Nilesh Shah: Market expects 25bp rate hike over next 6 months: Nilesh Shah

“RBI allows an interest rate hike on an anticipated basis because the resilience of growth is good. If there were interest rate hikes, GDP growth instead of 7.2% could have been be 7.4% or 7.5,” says Nilesh Shahdoctor, Kotak AMC

How do you see the path of inflation going forward? Have we seen the worst and maybe not seen that 7% mark moving forward?
It looks like this with the commodity price correction and even the oil price correction. So with a good monsoon, commodity prices down, oil prices down, it’s fair to assume that we experienced a spike in inflation and as RBI predicted, somewhere around the fourth quarter by FY23, inflation will be below the upper band of the RBI target range.

The main differentiator of the RBI compared to many other central banks is that the RBI manages to control inflation while maintaining high growth. India will be the fastest growing major economy in FY23, while many other central banks are looking for recession to strain their economy to control inflation. Yesterday we saw the UK’s Bank of England announcing a recession as well as high inflation. Clearly, RBI has kept India’s economy strong in turbulent weather, while many other peers are actually making a hard landing in their economy.

Where do we go from here? We were expecting a little more accommodating feedback and it was a bit of a blender to come this time around. Do you expect the rate of the interest rate hike cycle to decrease to at least 25-35 basis points in the future?
Most likely, in the future, we will see a rate hike of 25 basis points. The terminal repo rate used to be around 6-6.25%, but last month’s drop in inflation brought it down to 5.75-6%. We are therefore already at a level with this 50 basis point hike and can afford to make rate hikes of 25 basis points over the next six months. The market will undoubtedly expect a rate hike of 25 basis points in the future.

If we start from the RBI rate hike cycle from May to August, in four months we have seen a bullish line of 140 basis points, which is by no means trivial. Yet, GDP estimates as well as inflation estimates, except for one quarter, remained completely unchanged. So does it seem that monetary policy really makes no difference? Does monetary policy really matter?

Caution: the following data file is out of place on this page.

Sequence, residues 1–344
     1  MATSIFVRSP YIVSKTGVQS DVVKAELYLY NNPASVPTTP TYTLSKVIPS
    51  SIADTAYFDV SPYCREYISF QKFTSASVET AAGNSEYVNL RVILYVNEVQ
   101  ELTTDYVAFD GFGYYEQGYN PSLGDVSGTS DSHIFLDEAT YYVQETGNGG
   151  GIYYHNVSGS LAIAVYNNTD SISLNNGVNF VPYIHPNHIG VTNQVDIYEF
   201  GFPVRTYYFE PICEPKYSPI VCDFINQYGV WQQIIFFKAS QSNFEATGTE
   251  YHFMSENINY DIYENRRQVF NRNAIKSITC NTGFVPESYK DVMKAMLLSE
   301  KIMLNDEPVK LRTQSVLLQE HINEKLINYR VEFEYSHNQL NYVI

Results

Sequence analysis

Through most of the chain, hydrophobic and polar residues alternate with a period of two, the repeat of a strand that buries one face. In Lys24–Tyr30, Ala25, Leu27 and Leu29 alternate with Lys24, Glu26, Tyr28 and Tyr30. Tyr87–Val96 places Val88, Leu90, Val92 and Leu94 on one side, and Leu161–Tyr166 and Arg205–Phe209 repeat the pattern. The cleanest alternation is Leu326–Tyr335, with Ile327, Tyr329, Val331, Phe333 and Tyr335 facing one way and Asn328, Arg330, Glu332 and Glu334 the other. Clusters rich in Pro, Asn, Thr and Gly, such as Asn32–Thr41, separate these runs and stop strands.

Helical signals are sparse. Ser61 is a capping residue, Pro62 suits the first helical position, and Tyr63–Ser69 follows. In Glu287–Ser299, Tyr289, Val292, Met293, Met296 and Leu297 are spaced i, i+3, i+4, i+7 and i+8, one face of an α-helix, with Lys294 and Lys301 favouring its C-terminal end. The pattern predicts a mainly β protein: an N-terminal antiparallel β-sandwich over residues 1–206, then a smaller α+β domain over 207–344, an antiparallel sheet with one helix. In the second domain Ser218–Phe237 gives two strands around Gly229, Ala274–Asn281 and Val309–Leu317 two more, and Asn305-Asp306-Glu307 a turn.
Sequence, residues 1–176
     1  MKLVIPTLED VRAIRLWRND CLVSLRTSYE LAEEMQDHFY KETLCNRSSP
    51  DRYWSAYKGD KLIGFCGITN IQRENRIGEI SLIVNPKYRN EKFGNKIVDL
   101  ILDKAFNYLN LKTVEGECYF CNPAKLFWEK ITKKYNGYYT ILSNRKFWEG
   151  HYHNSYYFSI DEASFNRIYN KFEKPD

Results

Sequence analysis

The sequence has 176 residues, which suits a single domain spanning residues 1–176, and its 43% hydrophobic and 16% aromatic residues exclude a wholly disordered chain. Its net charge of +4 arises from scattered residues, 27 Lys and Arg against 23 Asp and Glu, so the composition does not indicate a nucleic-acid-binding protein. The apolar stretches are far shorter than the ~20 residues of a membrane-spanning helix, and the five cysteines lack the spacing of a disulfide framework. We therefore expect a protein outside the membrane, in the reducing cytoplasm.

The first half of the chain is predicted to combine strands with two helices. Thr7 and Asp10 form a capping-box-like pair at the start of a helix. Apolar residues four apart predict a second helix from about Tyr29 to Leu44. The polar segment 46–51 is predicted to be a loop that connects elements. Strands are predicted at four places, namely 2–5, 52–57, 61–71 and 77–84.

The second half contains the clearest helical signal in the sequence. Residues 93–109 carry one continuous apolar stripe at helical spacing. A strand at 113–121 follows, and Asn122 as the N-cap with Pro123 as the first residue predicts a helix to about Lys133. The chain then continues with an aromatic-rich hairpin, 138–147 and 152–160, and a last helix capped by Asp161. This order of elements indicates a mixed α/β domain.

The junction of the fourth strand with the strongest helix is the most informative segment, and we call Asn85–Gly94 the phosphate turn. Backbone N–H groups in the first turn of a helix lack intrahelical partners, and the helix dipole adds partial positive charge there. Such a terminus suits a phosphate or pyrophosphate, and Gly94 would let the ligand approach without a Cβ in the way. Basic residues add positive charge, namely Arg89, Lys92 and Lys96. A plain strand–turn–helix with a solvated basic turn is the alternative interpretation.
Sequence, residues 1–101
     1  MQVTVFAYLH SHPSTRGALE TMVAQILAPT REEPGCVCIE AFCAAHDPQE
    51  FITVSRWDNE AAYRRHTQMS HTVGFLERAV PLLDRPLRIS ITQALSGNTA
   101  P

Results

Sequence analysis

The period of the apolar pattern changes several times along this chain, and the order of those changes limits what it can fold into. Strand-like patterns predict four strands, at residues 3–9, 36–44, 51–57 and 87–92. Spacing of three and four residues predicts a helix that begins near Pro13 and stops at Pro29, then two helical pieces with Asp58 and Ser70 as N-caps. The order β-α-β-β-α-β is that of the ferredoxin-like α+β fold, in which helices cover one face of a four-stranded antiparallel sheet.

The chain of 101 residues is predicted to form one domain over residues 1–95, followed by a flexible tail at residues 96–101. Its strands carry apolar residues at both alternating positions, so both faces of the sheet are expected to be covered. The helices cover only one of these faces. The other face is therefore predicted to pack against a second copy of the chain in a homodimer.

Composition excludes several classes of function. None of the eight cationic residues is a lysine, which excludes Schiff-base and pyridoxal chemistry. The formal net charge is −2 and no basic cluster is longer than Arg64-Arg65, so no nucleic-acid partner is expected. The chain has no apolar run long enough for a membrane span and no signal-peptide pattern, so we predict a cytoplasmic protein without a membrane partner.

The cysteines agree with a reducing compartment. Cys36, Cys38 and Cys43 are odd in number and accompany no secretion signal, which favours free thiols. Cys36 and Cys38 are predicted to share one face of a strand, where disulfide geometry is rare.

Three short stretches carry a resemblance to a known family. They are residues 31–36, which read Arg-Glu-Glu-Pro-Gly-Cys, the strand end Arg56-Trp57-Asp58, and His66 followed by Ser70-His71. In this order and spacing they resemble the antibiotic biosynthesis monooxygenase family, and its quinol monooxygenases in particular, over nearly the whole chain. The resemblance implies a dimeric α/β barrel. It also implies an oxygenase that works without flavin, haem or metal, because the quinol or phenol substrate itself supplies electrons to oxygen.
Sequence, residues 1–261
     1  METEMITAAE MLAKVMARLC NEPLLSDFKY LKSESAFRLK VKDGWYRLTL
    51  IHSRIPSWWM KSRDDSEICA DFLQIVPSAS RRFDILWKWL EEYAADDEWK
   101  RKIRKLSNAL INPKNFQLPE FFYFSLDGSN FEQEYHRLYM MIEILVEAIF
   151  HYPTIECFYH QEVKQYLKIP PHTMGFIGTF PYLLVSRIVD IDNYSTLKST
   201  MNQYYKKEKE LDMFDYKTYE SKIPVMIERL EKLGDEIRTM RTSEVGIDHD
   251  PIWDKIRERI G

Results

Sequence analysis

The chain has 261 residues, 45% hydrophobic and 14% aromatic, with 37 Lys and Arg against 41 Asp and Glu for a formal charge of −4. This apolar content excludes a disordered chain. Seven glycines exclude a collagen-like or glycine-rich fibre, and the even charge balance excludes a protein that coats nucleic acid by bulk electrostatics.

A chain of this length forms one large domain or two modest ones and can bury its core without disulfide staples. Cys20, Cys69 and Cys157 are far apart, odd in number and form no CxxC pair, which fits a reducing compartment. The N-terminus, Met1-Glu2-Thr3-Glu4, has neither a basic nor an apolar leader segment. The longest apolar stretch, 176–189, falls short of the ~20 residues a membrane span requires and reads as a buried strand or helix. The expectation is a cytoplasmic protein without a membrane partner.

There is no doubt that monetary policy is important and as you rightly said in India the transmission of monetary policy takes about two to three quarters and what surprised us was the resilience of the Indian economy. The weak spot in the Indian economy was consumption at the end of the March quarter of 2022 and FMCG sales were down around 4.1%, fortunately for the June quarter which was negative but only 0.7%.

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Public spending has been good. Private capex is resurfacing. The monsoon was good except for some plots in the north and northeast. Overall, RBI allows interest rates to rise on an anticipated basis as growth resilience is good. If there were interest rate increases, GDP growth instead of 7.2% could have been 7.4% or 7.5%. So there is a frontloading reduction in interest rates, but that’s to make sure that India’s inflation targeting continues to work. We are now quite confident that in the fourth quarter of FY23, the upper 6% range of RBI will see inflation printed below.

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